I happen to practice magic, along with a lot of other practices. I think that works as a better descriptor of the place of magic in my life and the current I'm exploring.

Follow up Post to the time to Get over Crowley post

In her latest post on the Crowley movie, Psyche says: "Ellwood seemed pleased the movie received a terrible review because he hates Crowley...I hear this sentiment [She's quoting my post where I mention his claim to fame is publishing the GD rites and also his showmanship] a fair bit from people who have not actually read much Crowley and are therefore unfamiliar or unaware of the influence he’s had on magickal thought and practice - “hero-worship” rather misses the point."

In point of fact, I don't actually hate Crowley. I just don't think what he's put out there is nearly as impressive as other people seem to think it is. I'm actually quite familiar with Crowley's work, having read Gems From the Equinox, The Book of the Law, Book Four (Parts 1 - 4), Moonchild, Liber 777, Magick in Theory and Practice, and The Book of Lies. And even after reading all of that I'm just not as impressed as others are with his work (As is evidenced by my post where I showed the problems in his definition of magic). Do I think he has valuable things to say? Certainly. I also think he's been dead for a long time, and other people have written works that are equally as valuable but often ignored or not known about, because in Western ceremonial magic, the buck seems to stop at Crowley. A good example would be Pascal Beverly Randolph who's work, as I mentioned in my post about the movie review, was essentially plagiarized by Crowley with no reference back to his work (and yes I have heard actual Thelemites, and ex-Thelemites admit that this was the case).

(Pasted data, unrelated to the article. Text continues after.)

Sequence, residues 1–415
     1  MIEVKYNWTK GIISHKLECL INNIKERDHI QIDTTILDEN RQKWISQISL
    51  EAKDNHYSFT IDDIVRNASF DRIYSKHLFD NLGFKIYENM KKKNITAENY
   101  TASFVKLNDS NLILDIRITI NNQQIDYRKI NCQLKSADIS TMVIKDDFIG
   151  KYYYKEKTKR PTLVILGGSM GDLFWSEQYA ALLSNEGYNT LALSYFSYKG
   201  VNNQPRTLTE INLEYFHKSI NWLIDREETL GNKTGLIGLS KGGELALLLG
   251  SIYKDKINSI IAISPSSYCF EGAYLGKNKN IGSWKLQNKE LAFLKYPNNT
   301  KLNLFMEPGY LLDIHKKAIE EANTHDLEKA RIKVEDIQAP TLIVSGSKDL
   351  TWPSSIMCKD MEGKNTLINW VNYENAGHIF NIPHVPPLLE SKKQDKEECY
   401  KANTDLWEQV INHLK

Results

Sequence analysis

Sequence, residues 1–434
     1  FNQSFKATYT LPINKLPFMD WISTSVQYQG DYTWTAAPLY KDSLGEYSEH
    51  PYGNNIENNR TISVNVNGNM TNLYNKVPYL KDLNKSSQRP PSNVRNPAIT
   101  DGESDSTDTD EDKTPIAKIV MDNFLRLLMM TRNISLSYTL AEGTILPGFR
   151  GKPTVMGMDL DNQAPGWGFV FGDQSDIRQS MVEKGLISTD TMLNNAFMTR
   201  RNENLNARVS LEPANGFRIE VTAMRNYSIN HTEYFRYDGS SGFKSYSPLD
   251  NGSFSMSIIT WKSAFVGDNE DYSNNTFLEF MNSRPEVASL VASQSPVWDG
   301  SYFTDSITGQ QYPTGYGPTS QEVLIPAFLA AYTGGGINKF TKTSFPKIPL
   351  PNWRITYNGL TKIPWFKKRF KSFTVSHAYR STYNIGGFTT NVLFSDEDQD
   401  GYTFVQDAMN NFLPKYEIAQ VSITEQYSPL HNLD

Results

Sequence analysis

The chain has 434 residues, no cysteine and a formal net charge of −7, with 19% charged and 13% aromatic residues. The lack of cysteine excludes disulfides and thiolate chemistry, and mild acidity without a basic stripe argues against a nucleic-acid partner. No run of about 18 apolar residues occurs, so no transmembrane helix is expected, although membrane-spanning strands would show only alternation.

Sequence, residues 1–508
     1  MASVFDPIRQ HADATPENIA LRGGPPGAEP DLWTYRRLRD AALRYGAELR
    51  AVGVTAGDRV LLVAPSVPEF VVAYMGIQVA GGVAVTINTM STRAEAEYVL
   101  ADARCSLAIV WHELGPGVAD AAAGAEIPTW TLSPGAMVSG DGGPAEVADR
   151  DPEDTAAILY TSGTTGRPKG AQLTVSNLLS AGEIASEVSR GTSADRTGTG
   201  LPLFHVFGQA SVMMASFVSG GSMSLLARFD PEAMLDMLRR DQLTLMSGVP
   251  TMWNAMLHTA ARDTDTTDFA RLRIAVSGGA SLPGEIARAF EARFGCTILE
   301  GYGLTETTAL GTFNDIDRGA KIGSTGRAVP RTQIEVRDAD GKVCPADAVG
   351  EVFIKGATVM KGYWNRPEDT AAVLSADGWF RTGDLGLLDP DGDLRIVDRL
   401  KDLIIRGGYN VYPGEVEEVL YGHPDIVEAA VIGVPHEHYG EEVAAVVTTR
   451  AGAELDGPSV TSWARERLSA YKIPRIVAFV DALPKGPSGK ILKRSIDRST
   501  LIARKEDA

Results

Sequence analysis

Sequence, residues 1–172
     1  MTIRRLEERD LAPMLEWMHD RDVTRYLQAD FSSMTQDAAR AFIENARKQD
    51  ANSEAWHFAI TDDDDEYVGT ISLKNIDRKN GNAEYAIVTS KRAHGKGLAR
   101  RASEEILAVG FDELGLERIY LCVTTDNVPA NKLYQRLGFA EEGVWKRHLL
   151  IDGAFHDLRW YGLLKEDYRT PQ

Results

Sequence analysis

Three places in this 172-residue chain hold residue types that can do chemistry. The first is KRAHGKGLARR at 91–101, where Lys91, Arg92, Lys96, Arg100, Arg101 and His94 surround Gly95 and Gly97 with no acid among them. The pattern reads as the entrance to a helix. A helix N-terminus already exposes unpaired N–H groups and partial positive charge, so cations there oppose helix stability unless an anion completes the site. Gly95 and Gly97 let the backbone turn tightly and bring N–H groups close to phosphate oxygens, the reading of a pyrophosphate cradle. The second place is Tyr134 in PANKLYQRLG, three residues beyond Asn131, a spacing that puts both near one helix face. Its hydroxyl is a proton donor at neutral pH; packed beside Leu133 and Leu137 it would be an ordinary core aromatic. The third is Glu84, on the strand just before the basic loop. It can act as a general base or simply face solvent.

I don't hate Crowley. What I do hate is the often uncritical acceptance of him, and unwillingness to look at other works by other authors. What I hate is how so much focus is put on Crowley and how he did so much for magic, and how much other people and their contributions have been ignored because OMG Crowley!!! There are some people who even try to emulate his practices and life as much as possible, instead of developing their own practices. And this is where, yes there is hero-worship. Some people get so focused on what Crowley did and how wonderful they think his writings are, etc, etc...and I begin to wonder if they have original thoughts of their own, or have done anything with their practice which isn't just an emulation of what Crowley did.

I know some people argue that Crowley defined magic and that no one can surpass his accomplishments, and that bothers me as well, because if seventies years after the death of someone, you haven't seen genuine progress in a discipline, or people haven't come along and offered something substantive that continues to push that discipline in new directions, then that discipline is dead. At that point, why bother doing anything new? And that's what I hate...that people venerate him to such a degree that the potential for genuine progress is that much lessened...because hey if so and so is such a bad ass magician, I'll never compare to him. They shouldn't be comparing themselves to him in the first place. What they should be doing is getting what they can out of his works and ALSO reading and practicing what others did, while also developing their own practices.

I think Crowley was a person much like anyone else who has his share of experiences and occult adventures. I think he had a lot of courage to write what he did in the era that he wrote in. I also think that he did some questionable practices, such as plagiarizing the work of others. And in the end, I think that while it's important to acknowledge that he's had some influence on Western magic, and continues to this very day, it's also time to start focusing on what others have done and written and learn from their works and experiences. Crowley was just one person, and unlike others I disagree that he's defined magic or set an unsurpassable record. He's offered a perspective on magic, but there are others. He did some impressive magical work, but if you're doing it right than so have you.

I don't hate Crowley. I just hate his influence. I hate that it discourages genuine progress. I hate that people are so wrapped in what he did that they can't look at his work in a balanced manner, and they don't look at the works of other people, because they think that nothing else that anyone wrote had value compared to Crowley. And they don't try to do anything on their own, because they don't think it has value, unless what they're doing is what Crowley did. And that's why it's time to get over the hero worship.